The National Institutes of Health/National Heart, Lung and Blood Institute (NIH/NHLBI) has awarded a three-year, $1.2 million R01 grant to Michele Balas, PhD, RN , CCRN-K, FCCM, FAAN, associate professor in The Ohio State University College of Nursing. This R01 will fund a research study entitled, “Determinants of Implementation Success Coordinating Ventilator, Early Ambulation and Rehabilitation Efforts in the ICU (DISCOVER-ICU).” Collaborators on the grant include Alai Tan, PhD, (Co-I) and Lorraine Mion, PhD, RN, FAAN, (Co-I) of The Ohio State University College of Nursing; Brenda T. Pun, DNP, RN (Co-I), Eduard E. Vasilevskis, MD, MPH, FHM (Co-I), and E. Wesley Ely, MD, MPH (consultant), of Vanderbilt University; and Lori A. Harmon, RRT, MBA (Co-I), of the Society of Critical Care Medicine.
“This study addresses the need to improve the care and outcomes of the millions of patients admitted to U.S. intensive care units (ICUs) annually,” Balas stated. “Persons experiencing an illness severe enough to require an ICU stay frequently experience profound physical, mental and cognitive health impairments that may persist for months to years after hospital discharge.
“Evidence demonstrates these clinical outcomes improve when integrated, interprofessional, evidence-based approaches to symptom management, mechanical ventilation and physical mobility are applied,” Balas continued. “One such approach, the ABCDEF bundle, has been associated in previous studies with lower ICU and hospital mortality rates, fewer days spent on mechanical ventilation, fewer days spent in physical restraints and lower odds of delirium and coma. Despite these proven benefits, the ABCDEF bundle has yet to be widely adopted in everyday ICU care.”
In the NIH-funded study, Balas and her team will continue their three-year partnership with the Society of Critical Care Medicine’s ICU Liberation Collaborative. The overall objective of the research is to develop multilevel implementation strategies to enhance sustainable adoption of the ABCDEF bundle in routine ICU practice. The team is particularly interested in discovering how various patient-, provider-, and organization-level characteristics and implementation strategies effect ABCDEF bundle adoption.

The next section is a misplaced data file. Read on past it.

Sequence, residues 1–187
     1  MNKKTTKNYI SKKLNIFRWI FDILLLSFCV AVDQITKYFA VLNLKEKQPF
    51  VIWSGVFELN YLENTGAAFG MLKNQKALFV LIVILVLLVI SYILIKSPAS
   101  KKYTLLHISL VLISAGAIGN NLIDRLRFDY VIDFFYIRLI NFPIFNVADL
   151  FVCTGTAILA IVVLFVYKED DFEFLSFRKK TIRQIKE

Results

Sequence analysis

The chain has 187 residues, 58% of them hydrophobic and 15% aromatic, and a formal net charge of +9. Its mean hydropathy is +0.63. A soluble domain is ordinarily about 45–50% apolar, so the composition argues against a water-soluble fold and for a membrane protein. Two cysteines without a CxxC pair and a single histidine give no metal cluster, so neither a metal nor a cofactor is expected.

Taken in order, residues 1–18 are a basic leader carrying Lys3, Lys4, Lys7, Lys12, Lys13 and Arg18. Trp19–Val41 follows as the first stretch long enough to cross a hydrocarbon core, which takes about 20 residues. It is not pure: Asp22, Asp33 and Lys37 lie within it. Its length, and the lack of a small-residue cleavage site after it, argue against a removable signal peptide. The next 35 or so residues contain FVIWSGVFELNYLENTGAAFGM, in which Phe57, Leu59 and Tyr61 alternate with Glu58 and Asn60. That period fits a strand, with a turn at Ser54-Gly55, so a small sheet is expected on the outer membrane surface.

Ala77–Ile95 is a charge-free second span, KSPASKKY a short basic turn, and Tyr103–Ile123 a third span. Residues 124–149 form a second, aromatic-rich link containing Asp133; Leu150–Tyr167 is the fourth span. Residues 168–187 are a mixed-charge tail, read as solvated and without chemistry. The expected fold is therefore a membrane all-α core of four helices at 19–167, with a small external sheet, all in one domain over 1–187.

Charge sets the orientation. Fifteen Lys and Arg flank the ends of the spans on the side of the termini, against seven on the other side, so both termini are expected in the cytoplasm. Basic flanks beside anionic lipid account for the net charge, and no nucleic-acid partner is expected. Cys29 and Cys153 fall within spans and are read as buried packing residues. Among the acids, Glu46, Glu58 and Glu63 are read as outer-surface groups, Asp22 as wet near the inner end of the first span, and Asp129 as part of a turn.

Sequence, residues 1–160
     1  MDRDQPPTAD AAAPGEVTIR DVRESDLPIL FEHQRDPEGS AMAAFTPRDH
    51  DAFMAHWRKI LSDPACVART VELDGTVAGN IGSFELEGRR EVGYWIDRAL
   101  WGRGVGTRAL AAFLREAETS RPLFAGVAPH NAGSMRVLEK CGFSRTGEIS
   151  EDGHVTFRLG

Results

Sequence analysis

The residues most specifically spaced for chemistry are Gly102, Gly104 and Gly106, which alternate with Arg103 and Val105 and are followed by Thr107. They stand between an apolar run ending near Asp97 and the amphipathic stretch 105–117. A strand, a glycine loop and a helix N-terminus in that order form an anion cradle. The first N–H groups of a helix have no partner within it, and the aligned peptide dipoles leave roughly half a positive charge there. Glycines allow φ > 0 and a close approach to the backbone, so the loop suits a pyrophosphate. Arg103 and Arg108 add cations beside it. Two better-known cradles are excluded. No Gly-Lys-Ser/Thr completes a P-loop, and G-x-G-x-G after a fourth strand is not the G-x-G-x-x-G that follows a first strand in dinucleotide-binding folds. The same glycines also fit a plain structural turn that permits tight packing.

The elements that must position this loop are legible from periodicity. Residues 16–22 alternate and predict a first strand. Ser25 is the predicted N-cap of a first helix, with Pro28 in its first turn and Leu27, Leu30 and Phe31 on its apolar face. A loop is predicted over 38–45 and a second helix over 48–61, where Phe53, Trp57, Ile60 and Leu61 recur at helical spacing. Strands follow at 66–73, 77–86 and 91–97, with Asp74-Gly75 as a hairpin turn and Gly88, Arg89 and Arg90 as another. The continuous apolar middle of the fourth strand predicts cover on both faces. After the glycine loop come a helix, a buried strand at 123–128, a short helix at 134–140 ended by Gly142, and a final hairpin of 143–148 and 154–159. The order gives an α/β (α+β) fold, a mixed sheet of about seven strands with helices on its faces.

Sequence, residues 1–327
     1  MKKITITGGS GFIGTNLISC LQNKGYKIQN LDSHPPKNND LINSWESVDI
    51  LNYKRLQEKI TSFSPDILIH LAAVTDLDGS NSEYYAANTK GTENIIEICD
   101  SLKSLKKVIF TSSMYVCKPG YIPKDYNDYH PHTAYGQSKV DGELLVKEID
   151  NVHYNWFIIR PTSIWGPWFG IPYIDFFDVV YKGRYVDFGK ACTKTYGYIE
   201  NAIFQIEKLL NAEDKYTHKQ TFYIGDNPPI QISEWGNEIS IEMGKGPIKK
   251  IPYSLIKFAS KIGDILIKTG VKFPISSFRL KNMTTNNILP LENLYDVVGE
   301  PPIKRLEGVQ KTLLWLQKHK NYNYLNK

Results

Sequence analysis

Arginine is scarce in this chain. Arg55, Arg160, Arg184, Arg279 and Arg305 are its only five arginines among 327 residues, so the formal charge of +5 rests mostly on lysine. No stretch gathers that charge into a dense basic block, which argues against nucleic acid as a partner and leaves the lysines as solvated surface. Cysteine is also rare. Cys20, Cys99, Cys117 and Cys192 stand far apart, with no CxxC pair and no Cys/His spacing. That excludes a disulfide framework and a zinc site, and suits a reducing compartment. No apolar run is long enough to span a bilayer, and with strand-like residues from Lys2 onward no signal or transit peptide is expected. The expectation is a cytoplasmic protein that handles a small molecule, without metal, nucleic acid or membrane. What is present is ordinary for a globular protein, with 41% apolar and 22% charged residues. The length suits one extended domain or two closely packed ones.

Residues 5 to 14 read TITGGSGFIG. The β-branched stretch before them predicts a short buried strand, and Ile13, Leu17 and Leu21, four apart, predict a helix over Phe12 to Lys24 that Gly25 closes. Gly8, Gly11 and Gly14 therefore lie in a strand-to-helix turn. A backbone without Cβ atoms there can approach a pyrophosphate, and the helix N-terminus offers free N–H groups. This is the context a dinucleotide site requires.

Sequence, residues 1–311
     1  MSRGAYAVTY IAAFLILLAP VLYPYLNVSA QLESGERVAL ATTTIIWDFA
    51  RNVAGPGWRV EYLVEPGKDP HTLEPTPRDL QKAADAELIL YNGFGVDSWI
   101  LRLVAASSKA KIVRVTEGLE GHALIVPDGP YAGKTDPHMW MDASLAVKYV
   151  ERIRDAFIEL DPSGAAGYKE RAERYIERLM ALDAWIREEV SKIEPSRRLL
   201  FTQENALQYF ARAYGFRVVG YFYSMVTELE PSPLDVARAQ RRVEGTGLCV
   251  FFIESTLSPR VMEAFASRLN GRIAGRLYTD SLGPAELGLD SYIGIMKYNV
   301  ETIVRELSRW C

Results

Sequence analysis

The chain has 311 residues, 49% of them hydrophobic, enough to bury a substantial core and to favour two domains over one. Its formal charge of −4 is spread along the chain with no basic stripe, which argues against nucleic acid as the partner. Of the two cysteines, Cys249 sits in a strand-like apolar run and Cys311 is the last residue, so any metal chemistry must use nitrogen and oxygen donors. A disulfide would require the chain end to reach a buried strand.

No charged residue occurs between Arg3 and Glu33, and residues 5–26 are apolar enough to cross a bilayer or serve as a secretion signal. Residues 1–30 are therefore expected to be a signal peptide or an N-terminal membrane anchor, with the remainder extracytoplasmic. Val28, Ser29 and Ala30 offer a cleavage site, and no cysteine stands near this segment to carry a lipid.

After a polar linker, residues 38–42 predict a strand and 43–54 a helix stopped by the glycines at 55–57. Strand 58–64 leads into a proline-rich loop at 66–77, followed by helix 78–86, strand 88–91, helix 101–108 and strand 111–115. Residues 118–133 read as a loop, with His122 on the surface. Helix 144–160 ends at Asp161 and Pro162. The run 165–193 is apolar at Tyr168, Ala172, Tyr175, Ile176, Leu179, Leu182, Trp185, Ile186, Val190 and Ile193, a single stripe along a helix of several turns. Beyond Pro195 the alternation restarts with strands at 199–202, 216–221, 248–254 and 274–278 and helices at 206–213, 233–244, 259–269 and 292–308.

The results of this work aim to lead directly to the development of implementation strategies that are adaptable, responsive to the needs of the critical care community and accountable for the cultural and organizational factors necessary to increase ABCDEF bundle adoption.
“Our team is thrilled to lead this important line of investigation. We firmly believe that better integration of the evidence-based ABCDEF bundle has the potential to substantially reduce the short- and long-term physical, cognitive and emotional burden critical illness imposes on critically ill adults and their family members.”
Tate awarded NIH/NIA grant
The National Institutes of Health/National Institute on Aging (NIH/NIA) has awarded a two-year, $312,000 grant to fund the study, “A Problem Solving Intervention for Post-ICU Cognitive Impairment in Older Adults.”
The grant was awarded to Judith Tate, PhD, RN (PI), assistant professor in The Ohio State University College of Nursing. Co-investigators include Lorraine C. Mion, PhD, RN, FAAN, and Alai Tan, PhD, of the College of Nursing, and Jennifer Bogner, PhD, ABPP, FACRM, of the Department of Physical Medicine and Rehabilitation in the College of Medicine. The grant will run from April 15, 2019, to March 31, 2021.
“Older adults comprise more than half of all intensive care unit (ICU) days and are at risk of delirium, a common acute brain impairment associated with increased risk for dementia and altered trajectories of cognitive recovery,” the grant proposal states. “The purpose of this pilot study is to evaluate the feasibility, acceptability and early efficacy of a problem-solving intervention, Post Intensive Care Unit Problem Solving (PIC-UPS) in the home setting for older adult ICU survivors suffering from post-ICU cognitive impairment.”